The next hour was really tough. I was having 2 or 3 surges continuously without a break and then would have roughly a minutes rest in between before the next few surges came along. This was really taking it out of me and I felt myself getting quite anxious and wasn’t doing very effective breathing at this point. It was around 2:30am that I found myself begging Cathy and Gareth to get me an epidural (which they both knew I was hoping to avoid to ensure the best possible chance of getting my VBAC). I just felt completely deflated and that I couldn’t keep going like this for much longer, I was so tired. They both continued to encourage me and told me I didn’t need the epidural. I remember pleading for it but I’m so thankful they didn’t give in and pushed me to keep going. It turns out this was my body going through the transition stage of labour and I wasn’t far from pushing. As a delaying tactic Gareth told me to try get to 3:15am and we could reassess whether I still wanted an epidural. I remember saying there’s no way I could make it another 45 minutes without an epidural but not long after this I began to feel the urge to push. Just before 3:00am Cathy contacted our obstetrician to come in and I felt the need to change positions in preparation for the birth. In between surges I quickly turned over, knelt on the bed and leant over the head of the bed. From this point Cathy just instructed me to go with my body and to push when I felt the urge. I remember it was the most primal feeling that was completely uncontrollable. I couldn’t stop my body even if I’d wanted to, it was incredible. I was also surprised at the sounds I was instinctively making. When I first started to push I remember feeling quite scared and hesitant as I was afraid I was going to tear but again Cathy and Gareth encouraged me through it. I’m not sure at what stage it was but at some point our obstetrician came into the room, although he sat back and let us continue as we were. I just kept going with my urges and Cathy occasionally instructed me to push or to pant as needed to prevent tearing. It took quite a few surges for the baby’s head to come out. I remember feeling it descend with each surge but then felt it go back up slightly once the surge finished. I can remember the ‘ring of fire’ as it sat there waiting to be birthed. It was such a relief once it came out completely. The baby’s shoulders also took a couple of surges to come out but once they came the rest of the body followed.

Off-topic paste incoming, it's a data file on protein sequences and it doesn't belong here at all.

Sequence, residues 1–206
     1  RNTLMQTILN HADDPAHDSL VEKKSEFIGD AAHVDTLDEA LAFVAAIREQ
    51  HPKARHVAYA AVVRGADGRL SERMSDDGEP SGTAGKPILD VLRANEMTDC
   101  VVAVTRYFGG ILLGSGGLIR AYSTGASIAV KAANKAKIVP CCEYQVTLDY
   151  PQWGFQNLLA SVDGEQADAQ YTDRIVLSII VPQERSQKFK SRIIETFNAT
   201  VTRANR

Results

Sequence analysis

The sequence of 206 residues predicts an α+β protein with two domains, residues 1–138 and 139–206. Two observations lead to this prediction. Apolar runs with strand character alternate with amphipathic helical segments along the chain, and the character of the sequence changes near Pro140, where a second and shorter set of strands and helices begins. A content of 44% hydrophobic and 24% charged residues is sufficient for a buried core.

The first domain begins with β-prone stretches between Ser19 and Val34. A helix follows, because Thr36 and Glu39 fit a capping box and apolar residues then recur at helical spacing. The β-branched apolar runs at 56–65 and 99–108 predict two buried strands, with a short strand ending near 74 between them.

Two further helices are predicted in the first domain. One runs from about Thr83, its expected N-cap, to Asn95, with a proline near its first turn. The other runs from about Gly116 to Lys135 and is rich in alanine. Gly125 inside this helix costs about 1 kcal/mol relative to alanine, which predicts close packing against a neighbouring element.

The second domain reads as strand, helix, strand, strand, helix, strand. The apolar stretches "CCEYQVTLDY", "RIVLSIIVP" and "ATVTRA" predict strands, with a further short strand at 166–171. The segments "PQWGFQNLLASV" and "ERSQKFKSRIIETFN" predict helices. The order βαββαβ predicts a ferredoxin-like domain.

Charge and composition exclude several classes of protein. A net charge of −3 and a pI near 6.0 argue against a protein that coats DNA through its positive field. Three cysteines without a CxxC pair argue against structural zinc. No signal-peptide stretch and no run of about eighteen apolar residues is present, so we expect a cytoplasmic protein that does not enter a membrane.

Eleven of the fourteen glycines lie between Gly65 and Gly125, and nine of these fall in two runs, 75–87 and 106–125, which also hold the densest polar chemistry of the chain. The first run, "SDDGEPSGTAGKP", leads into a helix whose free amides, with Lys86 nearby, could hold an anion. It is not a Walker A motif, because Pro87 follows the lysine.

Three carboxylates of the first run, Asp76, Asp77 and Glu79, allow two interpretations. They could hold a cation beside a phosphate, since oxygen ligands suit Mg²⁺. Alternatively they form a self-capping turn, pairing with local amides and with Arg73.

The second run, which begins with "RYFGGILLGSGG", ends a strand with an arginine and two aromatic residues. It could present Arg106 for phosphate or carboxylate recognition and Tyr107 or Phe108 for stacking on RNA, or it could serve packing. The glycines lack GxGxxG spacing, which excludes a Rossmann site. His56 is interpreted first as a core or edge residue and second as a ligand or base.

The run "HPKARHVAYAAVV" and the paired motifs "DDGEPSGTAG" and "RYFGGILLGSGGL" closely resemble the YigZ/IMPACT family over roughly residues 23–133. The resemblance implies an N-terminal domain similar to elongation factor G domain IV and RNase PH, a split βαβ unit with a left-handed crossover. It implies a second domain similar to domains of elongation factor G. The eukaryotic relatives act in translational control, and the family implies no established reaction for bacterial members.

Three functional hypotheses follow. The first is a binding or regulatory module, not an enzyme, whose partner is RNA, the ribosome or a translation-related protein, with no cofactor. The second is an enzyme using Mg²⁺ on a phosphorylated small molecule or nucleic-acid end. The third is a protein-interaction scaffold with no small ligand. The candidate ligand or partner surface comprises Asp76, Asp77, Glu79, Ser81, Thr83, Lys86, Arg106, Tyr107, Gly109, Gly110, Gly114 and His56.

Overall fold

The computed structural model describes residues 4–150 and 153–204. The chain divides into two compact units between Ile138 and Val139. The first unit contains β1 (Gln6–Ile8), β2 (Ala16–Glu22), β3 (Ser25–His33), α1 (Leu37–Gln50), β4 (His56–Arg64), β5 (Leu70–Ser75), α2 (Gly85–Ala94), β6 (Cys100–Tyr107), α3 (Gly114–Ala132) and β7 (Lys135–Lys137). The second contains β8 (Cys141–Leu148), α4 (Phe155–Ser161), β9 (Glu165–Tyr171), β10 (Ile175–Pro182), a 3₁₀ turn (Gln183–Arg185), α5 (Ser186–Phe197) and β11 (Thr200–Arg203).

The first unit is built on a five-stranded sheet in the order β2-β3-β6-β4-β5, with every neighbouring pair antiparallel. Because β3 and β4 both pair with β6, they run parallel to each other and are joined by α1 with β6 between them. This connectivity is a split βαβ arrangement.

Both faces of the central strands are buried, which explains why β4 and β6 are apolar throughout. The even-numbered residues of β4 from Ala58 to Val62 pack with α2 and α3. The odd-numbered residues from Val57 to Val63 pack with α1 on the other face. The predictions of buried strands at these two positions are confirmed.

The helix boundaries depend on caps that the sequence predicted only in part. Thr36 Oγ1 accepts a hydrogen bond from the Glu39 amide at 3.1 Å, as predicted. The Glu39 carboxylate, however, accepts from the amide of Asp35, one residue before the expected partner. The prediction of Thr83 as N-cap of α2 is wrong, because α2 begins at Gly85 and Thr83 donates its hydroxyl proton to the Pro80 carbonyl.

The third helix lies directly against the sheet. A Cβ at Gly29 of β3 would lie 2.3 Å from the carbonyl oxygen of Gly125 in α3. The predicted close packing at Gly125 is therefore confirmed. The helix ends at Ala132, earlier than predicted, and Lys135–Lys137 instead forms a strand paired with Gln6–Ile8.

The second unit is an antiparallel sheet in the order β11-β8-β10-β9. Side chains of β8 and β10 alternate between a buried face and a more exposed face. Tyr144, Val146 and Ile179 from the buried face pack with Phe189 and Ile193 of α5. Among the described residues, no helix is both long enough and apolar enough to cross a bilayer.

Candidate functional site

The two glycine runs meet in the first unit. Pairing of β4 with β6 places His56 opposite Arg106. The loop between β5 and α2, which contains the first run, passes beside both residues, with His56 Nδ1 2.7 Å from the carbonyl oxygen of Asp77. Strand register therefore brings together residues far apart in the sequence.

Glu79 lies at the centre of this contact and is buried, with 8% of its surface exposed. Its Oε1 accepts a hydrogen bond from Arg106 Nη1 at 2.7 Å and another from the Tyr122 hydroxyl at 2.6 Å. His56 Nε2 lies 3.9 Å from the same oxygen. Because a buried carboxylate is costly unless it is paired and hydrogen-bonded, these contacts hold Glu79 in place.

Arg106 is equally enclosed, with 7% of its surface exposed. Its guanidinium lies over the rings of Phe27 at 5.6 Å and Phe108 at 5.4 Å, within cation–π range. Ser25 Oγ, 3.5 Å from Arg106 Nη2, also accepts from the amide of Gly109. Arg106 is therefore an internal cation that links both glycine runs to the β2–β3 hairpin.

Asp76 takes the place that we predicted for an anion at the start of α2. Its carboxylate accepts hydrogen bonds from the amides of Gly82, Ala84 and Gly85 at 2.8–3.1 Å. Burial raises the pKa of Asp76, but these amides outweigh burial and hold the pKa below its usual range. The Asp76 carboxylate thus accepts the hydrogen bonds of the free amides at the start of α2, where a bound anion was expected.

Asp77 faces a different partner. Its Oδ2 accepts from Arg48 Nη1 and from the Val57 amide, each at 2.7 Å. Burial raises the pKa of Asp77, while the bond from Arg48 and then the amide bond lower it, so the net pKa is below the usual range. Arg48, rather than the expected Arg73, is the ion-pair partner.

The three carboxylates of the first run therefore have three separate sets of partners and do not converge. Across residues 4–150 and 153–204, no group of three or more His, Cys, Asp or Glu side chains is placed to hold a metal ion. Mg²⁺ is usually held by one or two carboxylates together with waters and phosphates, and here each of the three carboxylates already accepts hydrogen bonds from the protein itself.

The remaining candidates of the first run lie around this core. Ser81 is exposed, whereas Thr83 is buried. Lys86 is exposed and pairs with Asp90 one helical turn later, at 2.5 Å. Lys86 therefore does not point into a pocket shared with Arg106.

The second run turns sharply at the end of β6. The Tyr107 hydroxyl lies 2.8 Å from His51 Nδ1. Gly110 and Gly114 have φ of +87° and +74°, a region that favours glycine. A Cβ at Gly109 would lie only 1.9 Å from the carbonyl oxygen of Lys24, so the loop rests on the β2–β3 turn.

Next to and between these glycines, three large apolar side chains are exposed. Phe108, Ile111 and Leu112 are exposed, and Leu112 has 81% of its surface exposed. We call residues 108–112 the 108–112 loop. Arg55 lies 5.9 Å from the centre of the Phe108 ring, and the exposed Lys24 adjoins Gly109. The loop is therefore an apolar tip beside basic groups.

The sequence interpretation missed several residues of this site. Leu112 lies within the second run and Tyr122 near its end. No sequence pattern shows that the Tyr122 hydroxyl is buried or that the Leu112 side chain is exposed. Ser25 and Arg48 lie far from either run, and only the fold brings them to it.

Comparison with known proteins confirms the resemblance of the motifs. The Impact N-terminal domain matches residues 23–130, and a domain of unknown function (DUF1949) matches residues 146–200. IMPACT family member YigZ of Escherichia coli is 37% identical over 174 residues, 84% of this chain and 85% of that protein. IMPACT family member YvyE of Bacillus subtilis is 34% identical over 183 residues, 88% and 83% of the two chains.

I couldn’t believe it, at 3:22am on the 11th December I achieved my VBAC and birthed our beautiful baby! And although I had the initial fear of tearing, I was surprised to find out I didn’t tear at all! Cathy instructed me to push back off the bed head so that I could pick up my baby and put him on my chest. I’ll never forget the moment I looked down and saw my little baby laying there waiting for me to pick him up. I quickly pulled off my dress so that I could have immediate skin to skin and brought my beautiful baby boy to my chest. As I picked him up I remember hearing him cry. I was feeling so many emotions in that moment, crying, smiling, the feeling of absolute relief that everything was ok. I couldn’t believe I had done it!




I eventually turned around on the bed and held my baby boy for over 2 hours. We were the only ones in the labour ward at this stage so we were left alone for a lot of that time. There seemed to be no rush to get us out which was lovely as we could rest and relax and take it all in. It was quite some time after being born and we hadn’t even thought about looking at whether we had a boy or a girl. Cathy accidentally made a reference to the baby being ‘him’ and Gareth picked up on it and said ‘did you just say him?!’. We couldn’t believe we had a little boy! He started rooting around and found my nipple so we encouraged him to have a suck. Gareth was able to cut the cord once it had stopped pulsating and had turned white. Weighing and measuring was left for later and we were able to just sit there and take in our new baby boy. Gareth was able to enjoy a piece of birthday cake Cathy had brought him a little earlier as Arthur happened to be born on his 30th birthday! I eventually got up and had a shower while Gareth had a cuddle with Arthur and then we were taken to the maternity ward to stay.


I’m still on a VBAC high almost 2 months later. I’m just so proud of what my body and baby accomplished!"


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Renee Bradfield, Perth WA